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The purpose of a flooring is to provide a level surface capable of supporting the occupants of a building, furniture, equipment & sometimes internal partitions. A floor must satisfy the following requirements:

  • Adequate strength & stability
  • Adequate fire resistance
  • Sound insulation
  • Damp resistance
  • Thermal insulation

1) Preparation of Base

  • All earth filling under the floors must be thoroughly rammed.
  • All floors in contact with the ground shall be laid on 100 mm cement concrete over 100 mm of clean dry sand. This will keep out dampness and white ants.
  • All floors shall be perfectly level, except bathrooms & verandah floors, which shall be given an outward slope of 1:64

2) Types of Flooring

There are several types of floor finishes available, each with its unique advantages and disadvantages. Here are some of the most common types of floor finishes:

  • Brick Flooring or Brick-tile Paving
  • Marble Flooring
  • Cement Concrete Flooring
  • Granolithic Finish
  • Mosaic / Terrazzo (Marble Chips) Flooring
  • Coloured Flooring
  • Tile Flooring
  • Timber Flooring
  • Asphalt Flooring
  • Rubber Flooring
  • Linoleum Flooring (Covering)
  • Glass Flooring
  • Plastic or P.V.C Flooring

i) Brick Flooring

  • The bricks may be laid flat or on edge.
  • 12 mm thick mortar bed is prepared and the bricks are laid such that the vertical joints are full of mortar
  • And where the joints are pointed, the joints shall not be less than 6 mm thick and shall be flush pointed after being raked out 25 mm deep whilst the mortar is still damp.
  • The work shall be protected from sun & rain, shall be kept moist for 10 – 15 days.

ii) Marble Floorings

  • All marble slabs shall have a minimum thickness of 20 mm and shall be bedded in 20 mm thick mortar.
  • The joints shall be kept as small as possible.
  • When properly set, the floor shall be rubbed with carborandum stone, and then with finer carborandum stone.
  • The surface then be finally smoothed down with pumice stone.
  • When the smoothing process has been completed, the surface shall be polished with putty powder with felt pads, plenty of water being used.
  • The flooring must have set fully before any walking over is allowed & no load shall be laid over for at least 7 days.

iii) Cement Concrete Flooring

  • Concrete floors may be laid in 30 to 50 mm thick layers over 80 to 100 mm thick base of lean cement concrete 1:6:12 or lime concrete, usually of 1:2:4 mix.
  • The top cement concrete has to be laid within 7 days before the base concrete is set.
Joints in Concrete Floors
  • Base layer of floor should be laid in a series of panels not exceeding 4.5 m in length or 18 sq.m. in area.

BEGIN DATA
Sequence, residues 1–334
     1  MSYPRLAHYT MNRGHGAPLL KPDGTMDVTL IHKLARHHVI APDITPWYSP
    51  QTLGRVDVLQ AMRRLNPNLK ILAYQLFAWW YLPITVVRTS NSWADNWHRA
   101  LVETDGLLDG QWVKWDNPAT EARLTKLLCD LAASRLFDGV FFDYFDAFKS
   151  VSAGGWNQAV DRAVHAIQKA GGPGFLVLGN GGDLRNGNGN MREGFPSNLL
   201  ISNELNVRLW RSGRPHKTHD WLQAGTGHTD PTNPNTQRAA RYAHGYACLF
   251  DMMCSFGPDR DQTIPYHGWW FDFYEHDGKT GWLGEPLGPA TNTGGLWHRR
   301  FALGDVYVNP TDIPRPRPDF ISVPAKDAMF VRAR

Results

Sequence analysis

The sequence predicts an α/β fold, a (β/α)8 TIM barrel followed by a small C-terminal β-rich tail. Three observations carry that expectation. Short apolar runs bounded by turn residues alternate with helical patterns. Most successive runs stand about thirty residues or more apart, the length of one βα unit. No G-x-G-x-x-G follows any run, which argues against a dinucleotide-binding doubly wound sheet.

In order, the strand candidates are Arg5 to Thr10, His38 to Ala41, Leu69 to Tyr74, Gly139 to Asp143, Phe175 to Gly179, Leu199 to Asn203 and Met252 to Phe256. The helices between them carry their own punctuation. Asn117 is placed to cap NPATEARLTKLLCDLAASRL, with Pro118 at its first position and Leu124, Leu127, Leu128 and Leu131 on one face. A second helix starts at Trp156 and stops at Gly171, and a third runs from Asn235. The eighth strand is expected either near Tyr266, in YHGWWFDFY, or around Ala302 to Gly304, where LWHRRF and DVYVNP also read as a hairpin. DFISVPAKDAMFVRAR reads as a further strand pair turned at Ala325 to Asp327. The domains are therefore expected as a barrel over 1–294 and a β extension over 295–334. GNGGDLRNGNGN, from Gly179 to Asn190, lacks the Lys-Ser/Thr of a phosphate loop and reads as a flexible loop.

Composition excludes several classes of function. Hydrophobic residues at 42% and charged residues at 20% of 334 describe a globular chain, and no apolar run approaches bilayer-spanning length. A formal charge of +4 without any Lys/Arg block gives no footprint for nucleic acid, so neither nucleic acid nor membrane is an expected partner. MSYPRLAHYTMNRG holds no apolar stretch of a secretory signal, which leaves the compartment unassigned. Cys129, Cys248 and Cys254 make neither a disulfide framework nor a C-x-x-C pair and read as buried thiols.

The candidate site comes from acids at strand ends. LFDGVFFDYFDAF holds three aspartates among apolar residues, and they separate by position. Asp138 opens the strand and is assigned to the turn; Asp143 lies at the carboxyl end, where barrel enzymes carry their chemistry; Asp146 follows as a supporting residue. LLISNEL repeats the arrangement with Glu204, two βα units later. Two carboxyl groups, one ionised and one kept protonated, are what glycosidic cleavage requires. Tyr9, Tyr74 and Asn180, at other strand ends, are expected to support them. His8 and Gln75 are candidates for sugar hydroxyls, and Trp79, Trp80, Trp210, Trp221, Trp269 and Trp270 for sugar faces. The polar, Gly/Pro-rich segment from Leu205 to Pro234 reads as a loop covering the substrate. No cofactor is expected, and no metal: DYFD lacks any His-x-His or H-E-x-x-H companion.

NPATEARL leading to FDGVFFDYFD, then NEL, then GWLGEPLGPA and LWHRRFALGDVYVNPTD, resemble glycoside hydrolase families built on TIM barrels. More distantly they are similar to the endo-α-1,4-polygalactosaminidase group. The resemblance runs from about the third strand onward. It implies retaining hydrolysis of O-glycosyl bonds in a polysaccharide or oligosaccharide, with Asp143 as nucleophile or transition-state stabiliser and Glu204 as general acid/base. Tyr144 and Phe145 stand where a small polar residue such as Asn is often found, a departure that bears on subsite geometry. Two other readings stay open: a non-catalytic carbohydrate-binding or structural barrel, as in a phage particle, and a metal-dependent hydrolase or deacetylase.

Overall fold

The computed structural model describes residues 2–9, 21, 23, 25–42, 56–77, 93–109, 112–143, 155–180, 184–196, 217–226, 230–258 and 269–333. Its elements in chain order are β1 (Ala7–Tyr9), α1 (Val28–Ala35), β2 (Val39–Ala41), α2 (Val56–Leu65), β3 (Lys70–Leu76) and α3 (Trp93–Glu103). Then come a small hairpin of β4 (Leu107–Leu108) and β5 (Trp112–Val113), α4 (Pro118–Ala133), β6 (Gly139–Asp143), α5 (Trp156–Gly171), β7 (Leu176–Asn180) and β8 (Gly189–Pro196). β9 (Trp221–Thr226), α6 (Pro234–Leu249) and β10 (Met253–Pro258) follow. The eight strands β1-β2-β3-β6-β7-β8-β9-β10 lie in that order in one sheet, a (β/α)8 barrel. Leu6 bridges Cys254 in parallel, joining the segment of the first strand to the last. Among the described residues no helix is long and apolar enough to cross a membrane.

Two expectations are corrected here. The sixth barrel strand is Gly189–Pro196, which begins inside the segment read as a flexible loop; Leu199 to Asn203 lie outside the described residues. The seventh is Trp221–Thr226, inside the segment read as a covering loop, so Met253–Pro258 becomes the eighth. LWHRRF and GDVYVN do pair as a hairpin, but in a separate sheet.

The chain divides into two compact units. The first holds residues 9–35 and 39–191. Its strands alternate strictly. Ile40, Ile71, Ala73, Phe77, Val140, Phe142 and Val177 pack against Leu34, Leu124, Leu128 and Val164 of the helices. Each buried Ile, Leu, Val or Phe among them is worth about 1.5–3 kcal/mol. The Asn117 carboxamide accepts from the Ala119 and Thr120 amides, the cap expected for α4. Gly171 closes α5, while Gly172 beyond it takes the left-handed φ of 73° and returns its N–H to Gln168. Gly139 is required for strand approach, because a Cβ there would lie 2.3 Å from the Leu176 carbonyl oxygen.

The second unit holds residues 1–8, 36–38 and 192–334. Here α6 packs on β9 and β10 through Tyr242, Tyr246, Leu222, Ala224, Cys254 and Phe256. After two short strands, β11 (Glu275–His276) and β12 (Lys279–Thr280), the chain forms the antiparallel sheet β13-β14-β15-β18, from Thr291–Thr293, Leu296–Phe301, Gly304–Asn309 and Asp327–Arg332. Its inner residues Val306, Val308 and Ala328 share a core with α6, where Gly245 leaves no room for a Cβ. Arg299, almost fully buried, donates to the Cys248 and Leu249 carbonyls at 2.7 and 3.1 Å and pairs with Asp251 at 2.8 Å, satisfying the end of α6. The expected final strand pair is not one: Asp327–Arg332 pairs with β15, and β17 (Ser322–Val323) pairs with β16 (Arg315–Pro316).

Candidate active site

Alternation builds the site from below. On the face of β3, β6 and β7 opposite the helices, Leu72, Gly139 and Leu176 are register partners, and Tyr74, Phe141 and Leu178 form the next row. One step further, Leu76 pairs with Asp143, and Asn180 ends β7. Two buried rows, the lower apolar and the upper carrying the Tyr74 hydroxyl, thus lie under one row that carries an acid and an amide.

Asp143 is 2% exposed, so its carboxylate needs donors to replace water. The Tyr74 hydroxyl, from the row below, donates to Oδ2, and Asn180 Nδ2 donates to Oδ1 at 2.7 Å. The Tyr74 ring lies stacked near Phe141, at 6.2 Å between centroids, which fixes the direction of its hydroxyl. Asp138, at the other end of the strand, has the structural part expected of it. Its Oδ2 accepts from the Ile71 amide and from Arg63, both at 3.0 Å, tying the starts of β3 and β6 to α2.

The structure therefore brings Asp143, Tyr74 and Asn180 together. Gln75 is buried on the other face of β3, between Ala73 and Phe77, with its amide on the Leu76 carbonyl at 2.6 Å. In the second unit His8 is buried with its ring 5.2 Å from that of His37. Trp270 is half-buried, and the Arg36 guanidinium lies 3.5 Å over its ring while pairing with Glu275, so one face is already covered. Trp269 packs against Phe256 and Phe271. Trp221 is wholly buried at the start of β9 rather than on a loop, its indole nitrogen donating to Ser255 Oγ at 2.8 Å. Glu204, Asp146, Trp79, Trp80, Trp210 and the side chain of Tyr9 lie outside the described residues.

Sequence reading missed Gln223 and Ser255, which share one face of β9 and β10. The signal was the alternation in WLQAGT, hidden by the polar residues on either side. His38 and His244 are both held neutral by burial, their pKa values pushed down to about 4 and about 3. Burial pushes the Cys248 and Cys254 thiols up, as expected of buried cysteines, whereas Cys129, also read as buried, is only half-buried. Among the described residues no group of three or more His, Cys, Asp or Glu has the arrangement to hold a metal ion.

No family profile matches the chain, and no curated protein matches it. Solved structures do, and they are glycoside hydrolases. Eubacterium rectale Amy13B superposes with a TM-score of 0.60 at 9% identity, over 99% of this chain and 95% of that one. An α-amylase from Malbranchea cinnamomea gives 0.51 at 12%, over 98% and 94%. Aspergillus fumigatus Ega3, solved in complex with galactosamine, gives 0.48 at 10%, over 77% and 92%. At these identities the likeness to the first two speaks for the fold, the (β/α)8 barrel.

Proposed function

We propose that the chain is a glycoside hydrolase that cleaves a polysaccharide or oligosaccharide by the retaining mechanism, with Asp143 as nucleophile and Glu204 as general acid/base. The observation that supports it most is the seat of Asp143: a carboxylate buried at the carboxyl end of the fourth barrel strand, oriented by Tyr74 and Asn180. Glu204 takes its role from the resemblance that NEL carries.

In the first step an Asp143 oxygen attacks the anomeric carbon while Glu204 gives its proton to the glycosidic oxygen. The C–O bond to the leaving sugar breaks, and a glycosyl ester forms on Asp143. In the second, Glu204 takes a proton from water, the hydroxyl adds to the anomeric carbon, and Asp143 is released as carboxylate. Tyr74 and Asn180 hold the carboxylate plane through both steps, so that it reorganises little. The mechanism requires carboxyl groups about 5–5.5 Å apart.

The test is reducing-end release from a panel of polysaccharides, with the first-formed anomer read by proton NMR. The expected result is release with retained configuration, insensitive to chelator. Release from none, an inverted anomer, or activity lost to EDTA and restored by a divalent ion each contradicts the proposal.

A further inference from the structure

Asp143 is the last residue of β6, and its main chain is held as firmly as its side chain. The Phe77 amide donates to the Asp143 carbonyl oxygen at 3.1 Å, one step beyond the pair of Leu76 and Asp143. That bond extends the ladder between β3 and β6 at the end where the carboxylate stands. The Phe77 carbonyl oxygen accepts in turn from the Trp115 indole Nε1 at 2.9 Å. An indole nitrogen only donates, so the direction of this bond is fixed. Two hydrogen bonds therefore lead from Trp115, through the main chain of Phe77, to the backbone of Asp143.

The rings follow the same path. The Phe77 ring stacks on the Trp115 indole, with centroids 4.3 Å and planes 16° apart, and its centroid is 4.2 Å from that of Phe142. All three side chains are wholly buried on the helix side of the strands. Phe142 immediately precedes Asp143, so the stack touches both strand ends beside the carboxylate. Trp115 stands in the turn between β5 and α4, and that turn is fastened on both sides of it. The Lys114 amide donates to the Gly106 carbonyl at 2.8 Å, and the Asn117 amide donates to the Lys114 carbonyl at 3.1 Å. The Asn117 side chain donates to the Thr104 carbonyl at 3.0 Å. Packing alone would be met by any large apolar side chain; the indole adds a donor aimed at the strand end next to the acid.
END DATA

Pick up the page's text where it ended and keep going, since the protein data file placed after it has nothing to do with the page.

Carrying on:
• The top layer should be divided into panels not exceeding 2 sq.m.
  • This will avoid cracking due to contraction during setting.
  • Thin 1.5 mm jointing strips of iron, teakwood, brass, ebonite or plastic should be introduced between the panels and which should be oiled or whitewashed to prevent adhesion of concrete.
  • The effect of initial shrinkage is reduced to a minimum by constructing the floor panels either in alternate bays or in chequer-board pattern in such a manner that no bay is in contact with one already concreted until the initial contraction of the latter has taken place.

iv) Granolithic Finish

  • Granolithic Finish is used to provide a hard wearing, abrasion resistant & dustless surface to concrete floors, stair treads, etc. and also where smooth polished & rich surface is wanted.
  • Granolithic concrete is composed of cement and specially selected aggregate of hard rock.
  • Mix proportions are normally 1:2 or 1:3 by volume; or maybe 2 parts cement, 1 part of fine aggregate and 4 parts of coarse aggregate.
  • All dust to be removed and minimum water is to be used.
  • They have to be laid before the base concrete has set.
  • This is to be done between 30 minutes to 2 hours of placing the base concrete.
  • The granolithic layer has to be minimum 12 mm thick.

v) Terrazzo Flooring

  • Also known as ‘Marble Chip Flooring’
  • It is called as ‘Mosaic Flooring’ when some pattern is followed.
  • 40 mm layer of concrete is laid wherein crushed marble chips are used as aggregate; or
  • The top course is made with a mixture of 1 cement and 2 marble chips 3 mm size, laid 6 mm thick; or
  • Terrazzo topping of 12-20 mm thick of 1 part cement and 2-2.5 parts marble chips 3 mm to 12 mm size mixed, laid over 12 mm thick layer of 1:3 CM.

vi) Coloured Flooring

  • The colouring pigment to cement should not be more than 1:3 and not less than 1:12.
  • Colours are better mixed with white cement than ordinary Portland cement.
  • Most widely used colour pigments are Red Oxide and Ivory Black layered 6 mm thick.

vii) Tile Flooring

  • Ceramic Tiles – A ceramic tile is the resulting product, after a mixture of clays have been treated appropriately, pressed, fired at a high temperature and cut to size.
  • Vitrified Tiles – Vitrified tiles are made by mixing silica and clay to form a non porous tile with glassy texture.
  • The main categories of Vitrified tiles would be Vitrified porcelain tiles, Vitrified ceramic tiles, carbonite vitrified tiles and marble vitrified tiles.